You are only 52 years old and in a state of disbelief. “How could this happen to me?”
You knew that older people had strokes, but it was never anything you thought could happen to you, especially before the age of 60. One thing is certain: you want to do everything you can to make sure it doesn’t happen again.
What are the odds?
It is important that you and your doctor start working on prevention as soon as possible. Most people, and even many doctors, don’t realize that the risk of a recurrent stroke is as high as 12.8 percent in the first week after a TIA (transient ischemic attack). If you do not change certain lifestyle factors, the risk of a second stroke within the next five years can be as high as 30 percent. Waiting is not an option Ten risk factors that account for 90 percent of all strokes (in no particular order).
- High blood pressure
- Waist size-obesity
- Poor diet
- Lack of physical activity
- Diabetes Mellitus
- Excessive alcohol consumption
- Psychosocial stress/depression
- Atrial fibrillation or previous heart attack
- High cholesterol
Fortunately, 80 percent of recurrent strokes can be prevented with diet modification, exercise, blood pressure control, cholesterol reduction with the help of statins, and treatment with anti-platelet medications. Ideally, you will focus on every possible risk factor. However, that can be overwhelming, so let’s start with the big three.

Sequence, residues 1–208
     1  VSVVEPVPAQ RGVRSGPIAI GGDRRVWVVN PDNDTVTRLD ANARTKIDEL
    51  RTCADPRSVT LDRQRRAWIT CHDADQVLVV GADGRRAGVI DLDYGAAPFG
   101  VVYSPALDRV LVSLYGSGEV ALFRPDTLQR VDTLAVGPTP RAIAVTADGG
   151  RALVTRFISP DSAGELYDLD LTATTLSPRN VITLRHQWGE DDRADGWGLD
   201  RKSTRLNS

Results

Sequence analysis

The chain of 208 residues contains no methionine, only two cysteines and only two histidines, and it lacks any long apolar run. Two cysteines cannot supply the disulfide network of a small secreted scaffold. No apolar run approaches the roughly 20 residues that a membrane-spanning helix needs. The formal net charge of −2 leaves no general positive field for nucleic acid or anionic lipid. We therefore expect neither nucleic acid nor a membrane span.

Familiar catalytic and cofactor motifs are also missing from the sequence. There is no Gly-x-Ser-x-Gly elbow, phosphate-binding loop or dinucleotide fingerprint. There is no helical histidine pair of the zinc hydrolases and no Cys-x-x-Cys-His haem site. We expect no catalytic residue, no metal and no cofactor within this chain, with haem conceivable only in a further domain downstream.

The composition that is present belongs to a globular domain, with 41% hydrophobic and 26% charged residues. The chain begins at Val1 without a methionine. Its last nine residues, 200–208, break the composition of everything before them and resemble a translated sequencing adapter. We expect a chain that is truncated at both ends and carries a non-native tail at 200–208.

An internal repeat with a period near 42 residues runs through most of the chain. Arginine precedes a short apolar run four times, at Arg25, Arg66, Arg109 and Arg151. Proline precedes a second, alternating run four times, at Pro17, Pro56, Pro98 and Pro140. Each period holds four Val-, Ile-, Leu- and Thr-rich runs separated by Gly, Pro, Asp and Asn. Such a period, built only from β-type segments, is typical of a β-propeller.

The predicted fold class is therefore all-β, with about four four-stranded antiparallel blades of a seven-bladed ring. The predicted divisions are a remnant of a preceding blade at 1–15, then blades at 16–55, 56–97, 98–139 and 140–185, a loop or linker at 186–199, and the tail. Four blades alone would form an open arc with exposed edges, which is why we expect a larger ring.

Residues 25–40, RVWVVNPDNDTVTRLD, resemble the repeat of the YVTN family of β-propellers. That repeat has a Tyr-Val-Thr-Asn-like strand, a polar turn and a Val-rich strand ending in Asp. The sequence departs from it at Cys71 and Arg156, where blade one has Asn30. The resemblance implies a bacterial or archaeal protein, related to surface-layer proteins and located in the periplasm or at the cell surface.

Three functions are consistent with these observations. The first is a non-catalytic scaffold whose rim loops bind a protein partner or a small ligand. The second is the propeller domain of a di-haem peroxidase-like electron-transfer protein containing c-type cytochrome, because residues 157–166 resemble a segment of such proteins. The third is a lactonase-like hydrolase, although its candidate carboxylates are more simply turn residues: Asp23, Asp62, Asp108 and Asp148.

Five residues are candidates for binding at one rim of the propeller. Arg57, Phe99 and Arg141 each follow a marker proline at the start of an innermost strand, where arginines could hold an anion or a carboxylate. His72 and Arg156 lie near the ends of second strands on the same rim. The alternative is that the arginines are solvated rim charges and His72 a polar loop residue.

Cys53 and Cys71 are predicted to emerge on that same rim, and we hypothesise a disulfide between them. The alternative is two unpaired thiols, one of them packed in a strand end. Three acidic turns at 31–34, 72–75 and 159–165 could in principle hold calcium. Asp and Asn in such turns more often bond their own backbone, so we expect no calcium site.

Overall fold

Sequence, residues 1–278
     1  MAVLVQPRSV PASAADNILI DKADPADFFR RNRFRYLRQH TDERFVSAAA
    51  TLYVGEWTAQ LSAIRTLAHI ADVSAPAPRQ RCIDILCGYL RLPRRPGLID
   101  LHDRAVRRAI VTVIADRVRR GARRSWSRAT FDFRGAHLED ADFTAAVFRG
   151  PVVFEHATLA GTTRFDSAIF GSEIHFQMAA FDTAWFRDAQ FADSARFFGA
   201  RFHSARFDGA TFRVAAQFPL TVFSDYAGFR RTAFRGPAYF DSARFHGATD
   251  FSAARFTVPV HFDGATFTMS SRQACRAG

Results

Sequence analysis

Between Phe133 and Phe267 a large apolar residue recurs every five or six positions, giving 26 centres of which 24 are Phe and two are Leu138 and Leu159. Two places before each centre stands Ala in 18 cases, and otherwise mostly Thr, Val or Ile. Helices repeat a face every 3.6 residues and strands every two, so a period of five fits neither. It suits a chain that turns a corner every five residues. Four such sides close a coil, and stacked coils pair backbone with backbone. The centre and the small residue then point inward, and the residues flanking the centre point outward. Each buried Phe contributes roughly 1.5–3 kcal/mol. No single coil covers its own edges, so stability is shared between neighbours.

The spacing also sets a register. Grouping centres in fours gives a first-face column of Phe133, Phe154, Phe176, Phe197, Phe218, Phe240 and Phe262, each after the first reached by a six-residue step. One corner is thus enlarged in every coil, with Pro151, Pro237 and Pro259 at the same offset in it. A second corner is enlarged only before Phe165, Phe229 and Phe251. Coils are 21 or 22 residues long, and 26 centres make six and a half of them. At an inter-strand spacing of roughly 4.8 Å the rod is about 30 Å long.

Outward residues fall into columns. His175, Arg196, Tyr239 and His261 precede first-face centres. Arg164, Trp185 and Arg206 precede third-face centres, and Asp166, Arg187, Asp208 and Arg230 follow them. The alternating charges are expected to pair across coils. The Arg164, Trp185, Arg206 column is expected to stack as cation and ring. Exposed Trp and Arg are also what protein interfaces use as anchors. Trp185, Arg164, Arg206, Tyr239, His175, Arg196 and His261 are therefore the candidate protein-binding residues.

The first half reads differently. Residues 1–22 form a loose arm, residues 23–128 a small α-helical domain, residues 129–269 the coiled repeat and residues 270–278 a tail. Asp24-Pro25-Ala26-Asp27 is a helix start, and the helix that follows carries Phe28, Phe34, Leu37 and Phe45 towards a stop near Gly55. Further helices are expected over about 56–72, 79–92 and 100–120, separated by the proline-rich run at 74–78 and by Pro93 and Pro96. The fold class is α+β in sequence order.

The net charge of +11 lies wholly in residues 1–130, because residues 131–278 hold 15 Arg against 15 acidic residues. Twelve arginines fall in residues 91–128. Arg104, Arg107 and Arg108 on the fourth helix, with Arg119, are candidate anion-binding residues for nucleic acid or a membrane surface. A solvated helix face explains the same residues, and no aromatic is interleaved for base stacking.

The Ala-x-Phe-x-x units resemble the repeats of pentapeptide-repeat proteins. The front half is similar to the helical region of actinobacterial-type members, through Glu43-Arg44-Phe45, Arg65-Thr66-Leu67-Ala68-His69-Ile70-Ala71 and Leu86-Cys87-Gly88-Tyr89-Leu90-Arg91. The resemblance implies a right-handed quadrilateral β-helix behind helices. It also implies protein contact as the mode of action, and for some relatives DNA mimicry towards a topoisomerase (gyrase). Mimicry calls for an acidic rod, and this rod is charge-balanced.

Blood pressure control
Hypertension is the single most common cause of stroke and it is estimated that 75 million people—that’s one-fourth of the United States population—have high blood pressure. When you control your blood pressure through the use of antihypertensive medication you reduce the risk of a first stroke by 32 percent. In patients who have had a TIA or a stroke, treatment of high blood pressure reduces the risk of a recurrent stroke by 28 percent. The exact blood pressure number you need to shoot for is a decision unique to each person and should be made in consultation with your physician.
Statins to lower cholesterol
Statins are a group of medications that have revolutionized the treatment of high cholesterol. They have been touted for the treatment of many disorders, but the facts are clear: statins reduce the risk of a recurrent stroke by 25 percent.
Statins lower LDL— our “bad cholesterol.” Over the last few years doctors have steadily lowered the ideal level for LDL in people who are at risk for stroke or have an elevated LDL. The latest goal is less than 70mg/dl. Most physicians now add statin therapy to the discharge instructions that you receive when you leave the hospital after a stroke. An exception may be hemorrhagic strokes, an event where the stroke is caused by bleeding in the brain.
Commonly referred to as “blood thinners,” anti-platelet agents attack the tiny platelets and make the blood less sticky and less likely to form blood clots. This is good if you are trying to prevent a blood clot from forming in an artery in the brain or heart. More good news—anti-platelet agents reduce the risk of a recurrent stroke by 25 percent.